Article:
Tag Archives: solar energy

in the greenhouse, or, the dictator's wife

greenhouse-euphorbia-outsideI was in the greenhouse Friday morning, watering some pots of seedlings. It seemed funny for a second, because outside the greenhouse it was raining. If I hadn’t gone in there with the hose that morning, the seedlings would have died in the desert for lack of water.

(Left, a Euphorbia characias ssp. wulfenii outside the greenhouse, blooming away in the rain.)

I used to grow and breed phalaenopsis orchids in the greenhouse. It was gonzo amounts of work to keep up with repotting hundreds of plants. And trying to concoct an environment that would fool the orchids into thinking that they were in the lowlands of the Philippines instead of the flats of Southern California wasn’t that easy either. In addition to all the work, the greenhouse was an energy pig, taking as much natural gas to heat as the entire house.

So, end of orchid obsession. End of heating the outdoors and wasting all that energy. (The New York Times has a recent piece on a couple who decided to build themselves a greenhouse. Their heater hasn’t arrived yet, but they’re already way over budget.)


Now that the tropical orchid episode of my life has ended the greenhouse is only heated by the sun via the greenhouse effect. At this time of year it’s handy to have a spot that will help give young plants a head start on spring. That’s pretty much how I use the greenhouse now.

greenhouseclutterAnd, um, yes, for a place to store garden clutter. Sort of a garden shed with windows…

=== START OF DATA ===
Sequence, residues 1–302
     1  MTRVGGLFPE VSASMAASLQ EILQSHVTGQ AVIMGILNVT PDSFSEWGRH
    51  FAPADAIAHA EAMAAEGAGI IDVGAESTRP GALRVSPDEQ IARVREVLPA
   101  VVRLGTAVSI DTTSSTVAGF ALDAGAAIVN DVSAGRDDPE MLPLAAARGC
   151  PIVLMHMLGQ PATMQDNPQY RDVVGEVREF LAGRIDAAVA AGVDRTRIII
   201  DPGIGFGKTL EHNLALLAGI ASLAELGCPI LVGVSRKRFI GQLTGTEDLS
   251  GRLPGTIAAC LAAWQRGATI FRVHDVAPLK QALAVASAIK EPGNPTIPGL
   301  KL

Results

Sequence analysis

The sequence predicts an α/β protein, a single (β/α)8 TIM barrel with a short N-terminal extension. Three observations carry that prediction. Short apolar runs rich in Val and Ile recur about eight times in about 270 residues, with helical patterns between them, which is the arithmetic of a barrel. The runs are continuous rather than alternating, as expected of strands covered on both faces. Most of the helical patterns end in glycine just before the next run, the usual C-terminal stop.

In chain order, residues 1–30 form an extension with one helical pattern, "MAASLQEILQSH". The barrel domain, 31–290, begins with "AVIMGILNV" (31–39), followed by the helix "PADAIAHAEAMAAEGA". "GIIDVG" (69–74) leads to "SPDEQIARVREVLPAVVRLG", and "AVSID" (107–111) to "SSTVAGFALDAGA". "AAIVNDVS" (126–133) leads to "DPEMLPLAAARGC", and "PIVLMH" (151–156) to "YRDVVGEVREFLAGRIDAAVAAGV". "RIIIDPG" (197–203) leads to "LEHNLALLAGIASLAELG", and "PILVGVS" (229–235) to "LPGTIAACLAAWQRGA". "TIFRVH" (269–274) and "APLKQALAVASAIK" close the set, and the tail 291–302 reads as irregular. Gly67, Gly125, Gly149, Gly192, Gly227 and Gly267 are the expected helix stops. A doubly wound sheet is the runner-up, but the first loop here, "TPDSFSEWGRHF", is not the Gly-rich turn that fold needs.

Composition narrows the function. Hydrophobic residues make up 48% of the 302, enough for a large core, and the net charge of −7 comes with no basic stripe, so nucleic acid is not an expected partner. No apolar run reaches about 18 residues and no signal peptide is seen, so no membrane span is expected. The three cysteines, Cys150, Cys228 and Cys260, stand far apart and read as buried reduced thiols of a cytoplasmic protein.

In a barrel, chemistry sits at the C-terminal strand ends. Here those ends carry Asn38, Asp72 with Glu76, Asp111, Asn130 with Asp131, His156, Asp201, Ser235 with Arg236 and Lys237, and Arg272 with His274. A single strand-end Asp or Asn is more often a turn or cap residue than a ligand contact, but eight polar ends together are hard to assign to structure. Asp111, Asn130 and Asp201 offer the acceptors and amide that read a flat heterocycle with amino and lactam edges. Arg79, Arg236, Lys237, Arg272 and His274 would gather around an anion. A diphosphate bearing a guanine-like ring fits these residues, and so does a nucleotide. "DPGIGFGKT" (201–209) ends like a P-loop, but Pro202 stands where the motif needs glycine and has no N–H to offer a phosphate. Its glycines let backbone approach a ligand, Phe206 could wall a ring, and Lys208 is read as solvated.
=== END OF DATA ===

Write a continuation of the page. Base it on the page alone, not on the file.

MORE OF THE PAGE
greenhouselookinginFortunately the windows are an opaque fiberglass, so all the mess inside is obscured. Maybe even a little mysterious and poetic. Here are some potted plants as seen from the outside.

As I was watering the plants in my little artificial outdoor desert I thought back to the 1980s. One the stories from the news that has stuck in my brain all these years was a report on Michèle Bennett, the wife of Haiti’s dictator, Baby Doc Duvalier. The couple was bad news all around, and one of Michèle’s vices was that she’d refrigerate a part of the palace so that she and her friends could strut about in the fur coats that they collected. (Compared to her husband’s brutal ways, it all seems pretty minor, of course.)

Mink and fox and chinchilla coats in Haiti. About as rational as a greenhouse full of warm tropical orchids in San Diego, I thought.

I guess we all want a little of of what doesn’t come easily or naturally. But in an age of a growing awareness of the need to live greener it’s good to stand back and see what we really need.

garden lanterns

Here are a couple cool wedding presents that we’re enamored with, a pair of solar-powered garden lanterns, a square bronze-colored one and a moss-toned teardrop shape.

During the daytime, they’re beautiful garden ornaments with their traditional silhouettes and delicate colors. They soak up the sun’s rays to charge their batteries, and then at night they let off a gentle bluish-white glow that lights up the lantern’s graceful outline. Turns out one of the gifters, Sheila, an avid gardener that we hadn’t seen for years, now is involved with the website Isabella, where they’re available.